The male leopard dynamics continue to keep us guessing.
The Anderson male, still massive, has somehow fallen off the top of the pile, and doesn’t appear to have the same level of control over his territory that he once did. Incursions from the Flat Rock, Hosana and Hukumuri males have seen the Anderson male keep a low profile for the last few months, and sightings of him have been inconsistent, to say the least.
The Hosana male has been spending time along the northern reaches of the Manyelethi riverbed, not scent-marking much, but still very interested in who has passed by, judging by the amount of flehmen grimacing he has been doing.
The Hosana Male arrived in mid-2018 and is now dominant over Othawa, rarely seen on Londolozi's western boundary.
The question we are all asking is how long will the Anderson male still be a factor in the north? He was once being seen well south of the Sand River, but these days it is the Flat Rock male who has pushed right back into what used to be the central reaches of the Anderson male’s territory. The Hukumuri male – who I have yet to even see! – has already lost an eye and had one ear torn to pieces during his movements into the northern parts of our reserve. We aren’t able to accurately state how he received his injuries, but the evidence does point to altercations with other male leopard(s).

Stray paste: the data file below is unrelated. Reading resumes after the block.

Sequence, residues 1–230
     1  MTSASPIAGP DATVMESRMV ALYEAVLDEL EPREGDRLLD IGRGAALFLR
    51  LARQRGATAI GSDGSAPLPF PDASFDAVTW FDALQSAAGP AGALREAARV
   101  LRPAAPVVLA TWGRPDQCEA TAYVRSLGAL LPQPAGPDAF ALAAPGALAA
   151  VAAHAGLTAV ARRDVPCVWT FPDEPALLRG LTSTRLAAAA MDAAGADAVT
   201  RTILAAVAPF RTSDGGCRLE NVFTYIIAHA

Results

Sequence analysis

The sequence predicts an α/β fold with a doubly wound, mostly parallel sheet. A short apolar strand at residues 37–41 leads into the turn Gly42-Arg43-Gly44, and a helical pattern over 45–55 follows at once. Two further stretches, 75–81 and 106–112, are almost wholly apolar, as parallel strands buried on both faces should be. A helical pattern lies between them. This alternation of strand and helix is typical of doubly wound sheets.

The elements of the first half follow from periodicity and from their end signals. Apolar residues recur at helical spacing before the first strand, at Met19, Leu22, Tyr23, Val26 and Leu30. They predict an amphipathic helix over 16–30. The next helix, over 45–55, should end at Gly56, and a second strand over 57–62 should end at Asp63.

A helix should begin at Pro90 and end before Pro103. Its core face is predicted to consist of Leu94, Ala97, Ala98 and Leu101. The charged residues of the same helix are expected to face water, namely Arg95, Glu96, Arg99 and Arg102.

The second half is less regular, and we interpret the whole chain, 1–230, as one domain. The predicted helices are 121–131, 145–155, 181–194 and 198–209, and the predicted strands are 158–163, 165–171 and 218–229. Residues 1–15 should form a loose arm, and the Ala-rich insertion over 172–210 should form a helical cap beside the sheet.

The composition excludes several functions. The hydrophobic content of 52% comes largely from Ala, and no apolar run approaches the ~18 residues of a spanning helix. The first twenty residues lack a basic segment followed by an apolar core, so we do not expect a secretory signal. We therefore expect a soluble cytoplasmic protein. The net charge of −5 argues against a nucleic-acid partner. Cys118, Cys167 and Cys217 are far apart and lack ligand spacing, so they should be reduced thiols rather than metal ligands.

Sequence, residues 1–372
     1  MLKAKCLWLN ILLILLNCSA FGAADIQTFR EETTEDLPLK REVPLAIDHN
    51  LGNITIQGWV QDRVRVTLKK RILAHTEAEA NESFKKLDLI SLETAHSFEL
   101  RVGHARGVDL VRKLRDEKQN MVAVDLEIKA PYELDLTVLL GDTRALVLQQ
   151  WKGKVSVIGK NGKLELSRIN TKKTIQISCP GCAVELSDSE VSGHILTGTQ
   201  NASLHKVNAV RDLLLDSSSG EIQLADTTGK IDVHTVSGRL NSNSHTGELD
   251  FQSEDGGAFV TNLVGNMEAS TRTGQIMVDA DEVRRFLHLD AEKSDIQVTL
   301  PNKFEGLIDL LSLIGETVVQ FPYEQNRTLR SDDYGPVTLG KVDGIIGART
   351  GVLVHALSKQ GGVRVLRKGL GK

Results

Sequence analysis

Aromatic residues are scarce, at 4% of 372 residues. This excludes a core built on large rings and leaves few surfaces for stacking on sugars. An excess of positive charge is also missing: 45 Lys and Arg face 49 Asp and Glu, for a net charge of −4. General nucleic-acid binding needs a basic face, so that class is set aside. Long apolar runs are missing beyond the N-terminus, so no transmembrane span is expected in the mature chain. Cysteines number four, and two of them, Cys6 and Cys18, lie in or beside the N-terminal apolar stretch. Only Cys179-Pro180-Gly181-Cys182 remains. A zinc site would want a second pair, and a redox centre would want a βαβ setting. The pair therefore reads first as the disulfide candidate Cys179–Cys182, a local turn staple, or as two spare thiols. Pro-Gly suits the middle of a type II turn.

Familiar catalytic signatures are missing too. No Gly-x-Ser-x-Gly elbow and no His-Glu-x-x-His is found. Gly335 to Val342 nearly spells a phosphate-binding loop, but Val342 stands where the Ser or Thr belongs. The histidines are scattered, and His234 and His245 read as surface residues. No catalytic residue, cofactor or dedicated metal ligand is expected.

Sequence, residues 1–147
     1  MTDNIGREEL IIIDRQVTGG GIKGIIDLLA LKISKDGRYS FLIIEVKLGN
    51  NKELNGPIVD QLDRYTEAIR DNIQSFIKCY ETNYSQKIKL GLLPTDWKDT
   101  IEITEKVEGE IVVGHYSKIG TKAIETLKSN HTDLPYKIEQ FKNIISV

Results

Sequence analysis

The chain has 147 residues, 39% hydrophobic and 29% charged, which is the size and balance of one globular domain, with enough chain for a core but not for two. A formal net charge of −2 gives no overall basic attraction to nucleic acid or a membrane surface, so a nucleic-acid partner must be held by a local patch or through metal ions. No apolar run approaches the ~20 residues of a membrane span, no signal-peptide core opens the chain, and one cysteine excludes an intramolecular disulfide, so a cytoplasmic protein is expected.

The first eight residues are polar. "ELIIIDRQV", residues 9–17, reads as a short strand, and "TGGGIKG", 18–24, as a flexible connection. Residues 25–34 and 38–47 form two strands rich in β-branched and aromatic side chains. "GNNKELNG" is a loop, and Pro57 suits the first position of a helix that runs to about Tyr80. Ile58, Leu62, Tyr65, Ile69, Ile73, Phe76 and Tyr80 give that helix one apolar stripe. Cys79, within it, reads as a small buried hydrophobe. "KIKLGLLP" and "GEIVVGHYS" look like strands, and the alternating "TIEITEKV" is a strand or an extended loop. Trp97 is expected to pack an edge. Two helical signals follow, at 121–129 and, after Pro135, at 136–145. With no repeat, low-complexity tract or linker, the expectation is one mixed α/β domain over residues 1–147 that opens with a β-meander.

There are currently no small cubs in the north, so thankfully there aren’t any smaller lives at stake; the Ingrid Dam appears to have lost her last cub, but the Nanga female is apparently pregnant.
We’ll run a full leopard update next week, and we’ve got an amazing interaction between the Anderson and Hosana males to show you video footage of, so make sure you check back in next Monday or Tuesday…
Hosana was born on Djuma Private Game Reserve in the northern Sabi Sands on February 2, 2016. He has made a few forays onto Londolozi in the past but was on Djuma since the end of May. He recently made his way down to Londolozi again.